Leyland P76 Owners 2004


Article of Dave Morton Force 7 UK

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Forget your Ferraris and leave those Lambos alone: if you want to turn heads in the British midlands, you should be driving a Leyland. Not an old Princess or Rover SD1 (although these too have now acquired curiosity value) but an Australian-built Leyland P76, and preferably this ultra-rare, so-cool-it-hurts Force 7 coupe.

Unfortunately, unless you buy this example you're never likely to get the chance. Only 10 Force 7's escaped the factory crusher and this is the only one that made it to the UK. But its not rarity that turns people's heads: it's the sight of those familiar Leyland 'plughole' logos on a coupe that has all the compact elegance of a Mach I Mustang.

The P76 occupies a unique place in Australian motoring history. Leyland's too, because it was the only Leyland designed from the ground up to meet the needs of the Australian market. Until the early'70s, Aussies had to make do with cheaply reworked versions of BL's home-market products such as the 1800 and Marina. Little had been done to re-engineer them for the bush rather than Birmingham.
BMC's Australian management realised that pommie hybrids such as the Morris Marshall (a thinly disguised Austin A95) or the Austin Tasman/Kimberley (six-cylinder versions of the Austin 1800) were never going to have more than peripheral appeal to Commonwealth buyers, so in the late 60's they made plans to introduce two locally designed new models. One would be a compact, the other a mid-size saloon.
The compact would have been pretty similar to the forthcoming Morris Marina, so that was dropped and resources funnelled into the bigger car. Michelotti won the contract for the styling - he was well in with BL at the time, having just done the Mks I and II Triumph 20Oos - and the P76 project was officially green- lighted, albeit reluctantly, by British Leyland. In fact the first two prototypes were built at the MG factory in Abingdon.
While the P76 was officially styled by Michelotti, Leyland Australia's management couldn't resist reshaping the car to suite its own perceptions of what would appeal to Aussies. The story goes that an executive saw the P76 blueprints on the wall, decided it needed a bigger boot and gave it the J-Lo treatment there an then. That's why you can drop a 44-gallon oil drum into a P76 boot and still close the lid.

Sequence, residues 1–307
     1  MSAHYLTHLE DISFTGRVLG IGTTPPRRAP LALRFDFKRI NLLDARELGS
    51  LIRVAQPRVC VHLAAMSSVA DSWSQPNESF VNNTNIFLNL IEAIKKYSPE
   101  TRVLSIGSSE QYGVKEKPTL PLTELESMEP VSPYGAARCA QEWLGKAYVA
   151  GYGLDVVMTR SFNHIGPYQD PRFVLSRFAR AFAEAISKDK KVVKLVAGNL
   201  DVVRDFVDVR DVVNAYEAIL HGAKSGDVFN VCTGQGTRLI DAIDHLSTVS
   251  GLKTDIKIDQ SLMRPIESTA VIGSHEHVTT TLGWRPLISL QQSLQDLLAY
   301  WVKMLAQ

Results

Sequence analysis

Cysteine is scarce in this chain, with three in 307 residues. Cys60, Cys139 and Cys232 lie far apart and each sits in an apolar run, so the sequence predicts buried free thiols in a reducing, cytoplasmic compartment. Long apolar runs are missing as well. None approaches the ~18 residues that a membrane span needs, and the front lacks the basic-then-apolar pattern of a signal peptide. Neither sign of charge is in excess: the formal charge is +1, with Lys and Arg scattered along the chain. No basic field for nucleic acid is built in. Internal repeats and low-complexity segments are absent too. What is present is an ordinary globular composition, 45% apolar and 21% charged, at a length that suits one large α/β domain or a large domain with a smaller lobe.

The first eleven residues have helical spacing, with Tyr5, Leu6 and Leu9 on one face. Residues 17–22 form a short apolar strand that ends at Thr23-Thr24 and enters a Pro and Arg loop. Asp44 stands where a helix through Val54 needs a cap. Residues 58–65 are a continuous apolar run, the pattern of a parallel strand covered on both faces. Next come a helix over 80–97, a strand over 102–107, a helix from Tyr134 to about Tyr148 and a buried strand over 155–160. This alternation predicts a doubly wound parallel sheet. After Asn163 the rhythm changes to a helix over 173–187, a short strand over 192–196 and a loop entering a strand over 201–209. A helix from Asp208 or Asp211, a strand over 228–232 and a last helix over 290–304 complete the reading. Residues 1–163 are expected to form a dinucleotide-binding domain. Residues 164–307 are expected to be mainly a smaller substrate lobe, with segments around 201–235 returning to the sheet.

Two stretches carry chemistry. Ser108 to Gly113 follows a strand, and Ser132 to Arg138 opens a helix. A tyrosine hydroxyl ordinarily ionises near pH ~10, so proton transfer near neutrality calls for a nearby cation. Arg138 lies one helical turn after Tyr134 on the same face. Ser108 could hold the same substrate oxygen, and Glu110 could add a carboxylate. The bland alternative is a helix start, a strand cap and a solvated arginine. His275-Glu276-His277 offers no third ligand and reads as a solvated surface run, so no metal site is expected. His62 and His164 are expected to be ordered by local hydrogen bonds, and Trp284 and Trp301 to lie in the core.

So the styling may have been compromised, but at least the P76 fulfilled the brief of being an Aussie car built for Aussie conditions. Intensive outback testing proved that it was tough enough to barrel along dirt roads for hours on end yet it handled remarkably well. There was rack-and-pinion steering and simple but effective live-axle rear suspension.

The P76 was also comparatively light, so performance was good from the optional 2.6-litre straight-six or 4.4 litre V8 engines, and the front disc brakes were a cut above the opposition's all-drums set-ups.
The public was certainly impressed. Within a week of launch in June 1973 more than 2000 orders had been taken and there was plenty of interest from fleet buyers, too. The Australian motor magazines gave it a good reception, Wheels voting it Car of the Year, despite a few grumbles about the styling and build quality.
Sadly, it was all down hill from then on. Leyland Australia was the victim of its own success and couldn't meet customer demand, partly due to shortages from its component suppliers. Fed-up with waiting for cars they'd ordered months ago, the punters turned to rival models from Chrysler, Holden and Ford (which the parts suppliers, with a keen sense of the way the wind was blowing for Leyland, were favouring anyway).
The P76s timing couldn't have been worse, either. The cost of car imports, notably from Japan, was reduced to curb inflation and British Leyland had problems of its own back home. Faced with mounting debts and no prospect of a bail-out, Leyland Australia went to the wall within 16 months of the P76 launch. The Australian Government paid $25 million for the factory at Zetland, Sydney and for the remaining unsold cars, many of which ended up as State or Local Authority transport.
By then, however, 60 examples of the P76s coupes spin-off had been built. The Force 7 was a sporty hatchback with a massive loadspace, like a Mad Max take on the Datsun 280ZX.
Running gear was the same as the saloon but the exterior metalwork was completely different, and, unlike the saloon, the Force 7 could be tarted up with optional alloy wheels and a louvred rear window.
All but 10 of these coupes were scrapped when Leyland Australia folded, one of the survivors having already been shipped to the UK where, incredibly, it was used for a while by Lord 'bling-bling' Stokes himself. It ended up at a Sotheby's auction in the early'80s, where Nottingham-based motor factor David Morton bought it on a whim.
Like all the remaning coupes, David's Force 7 has a V8 and is badged as a Force 7V to distinguish it from the cheaper, straight-six-powered base model. It's relatively subdued for a Force 7, being painted a dark blue metallic shade known as Omega Navy - other P76 colours included a brown called, without apparent irony Oh Fudge, and a bright orange that has surely the most-laboured pun ever given to a car colour: Home on th'Orange. It won't surprise you to learn that interior trim options include Plum Loco and Peel me a Grape.